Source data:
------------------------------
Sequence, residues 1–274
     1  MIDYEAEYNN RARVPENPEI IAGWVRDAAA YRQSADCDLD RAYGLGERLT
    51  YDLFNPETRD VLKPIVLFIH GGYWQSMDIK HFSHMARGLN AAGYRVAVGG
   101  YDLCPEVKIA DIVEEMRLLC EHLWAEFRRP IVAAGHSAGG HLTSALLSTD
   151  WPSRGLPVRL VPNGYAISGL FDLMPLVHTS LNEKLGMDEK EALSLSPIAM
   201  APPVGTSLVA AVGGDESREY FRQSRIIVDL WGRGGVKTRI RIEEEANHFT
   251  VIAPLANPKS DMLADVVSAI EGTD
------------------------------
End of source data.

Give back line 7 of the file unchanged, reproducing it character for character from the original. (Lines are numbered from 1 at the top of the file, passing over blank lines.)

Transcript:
   251  VIAPLANPKS DMLADVVSAI EGTD